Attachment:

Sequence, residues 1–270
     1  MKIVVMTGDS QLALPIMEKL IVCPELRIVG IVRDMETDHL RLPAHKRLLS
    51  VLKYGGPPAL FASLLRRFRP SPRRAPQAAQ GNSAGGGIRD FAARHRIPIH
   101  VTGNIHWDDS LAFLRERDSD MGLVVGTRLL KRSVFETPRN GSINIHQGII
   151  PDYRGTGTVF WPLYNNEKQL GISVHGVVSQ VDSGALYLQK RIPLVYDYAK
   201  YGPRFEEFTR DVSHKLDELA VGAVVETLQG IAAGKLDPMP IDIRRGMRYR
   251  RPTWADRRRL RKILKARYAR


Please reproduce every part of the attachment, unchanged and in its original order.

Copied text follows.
Sequence, residues 1–270
     1  MKIVVMTGDS QLALPIMEKL IVCPELRIVG IVRDMETDHL RLPAHKRLLS
    51  VLKYGGPPAL FASLLRRFRP SPRRAPQAAQ GNSAGGGIRD FAARHRIPIH
   101  VTGNIHWDDS LAFLRERDSD MGLVVGTRLL KRSVFETPRN GSINIHQGII
   151  PDYRGTGTVF WPLYNNEKQL GISVHGVVSQ VDSGALYLQK RIPLVYDYAK
   201  YGPRFEEFTR DVSHKLDELA VGAVVETLQG IAAGKLDPMP IDIRRGMRYR
   251  RPTWADRRRL RKILKARYAR